What Arthrex Means for the Future of Administrative Adjudication: Reaffirming the Centrality of Agency-Head Review
Today the Supreme Court issued its decision in United States v. Arthrex, the case raising an Appointments Clause challenge to administrative patent judges (APJs) on the Patent Trial and Appeals Board (PTAB) at the U.S. Patent and Trademark Office (USPTO). In a 5-4 decision on the merits (and 7-2 on the remedy), the Court holds that administrative patent judges violate the Appointment Clause because they issue final decisions not subject to agency-head review. A distinct majority then remedies that constitutional defect by giving the USPTO Director final decisionmaking authority.
Arthrex was a deeply fractured decision, with different majorities for the merits and the remedy. I’ll discuss each in turn, and conclude with a brief note on the decision’s implications for administrative adjudication.
On the merits, the decision is fractured 5-4, with Chief Justice Roberts penning the opinion for Court (Parts I and II). Similar to the Federal Circuit’s decision below, the Court engaged in a formalist interpretation of the Appointments Clause. Under the statutory provisions of the Patent Act (as added by the America Invents Act), the agency head has a significant level of supervision and oversight of administrative patent judges, but the agency head does not have the power to review and reverse their decisions and can remove the administrative patent judges “only for such cause as will promote the efficiency of the service.”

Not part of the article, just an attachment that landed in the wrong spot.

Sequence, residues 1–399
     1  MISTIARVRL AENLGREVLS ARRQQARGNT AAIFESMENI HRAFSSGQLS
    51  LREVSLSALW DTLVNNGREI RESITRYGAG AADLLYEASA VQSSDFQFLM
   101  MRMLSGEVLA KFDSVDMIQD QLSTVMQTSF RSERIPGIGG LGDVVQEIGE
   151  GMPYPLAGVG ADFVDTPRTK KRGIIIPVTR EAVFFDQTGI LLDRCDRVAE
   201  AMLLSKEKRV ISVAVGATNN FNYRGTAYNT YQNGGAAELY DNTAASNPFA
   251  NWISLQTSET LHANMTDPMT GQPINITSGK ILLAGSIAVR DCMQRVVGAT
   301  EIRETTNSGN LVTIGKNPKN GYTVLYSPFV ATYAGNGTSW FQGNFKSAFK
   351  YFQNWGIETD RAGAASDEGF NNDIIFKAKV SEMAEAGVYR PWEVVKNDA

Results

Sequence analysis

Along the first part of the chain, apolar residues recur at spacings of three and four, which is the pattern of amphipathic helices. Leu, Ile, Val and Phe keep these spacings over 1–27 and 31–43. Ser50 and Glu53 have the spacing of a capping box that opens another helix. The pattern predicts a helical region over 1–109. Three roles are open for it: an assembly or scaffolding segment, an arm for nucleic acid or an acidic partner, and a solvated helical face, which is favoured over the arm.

The Supreme Court holds, however, that as a constitutional matter “[o]nly an officer properly appointed to a principal office may issue a final decision binding the Executive Branch in the proceeding before us.” Because administrative patent judges issue the final decisions yet aren’t appointed by the President and confirmed by the Senate as required for principal officers under the Appointments Clause, that’s a constitutional violation. There are five votes for that holding: Roberts, Alito, Gorsuch, Kavanaugh, and Barrett.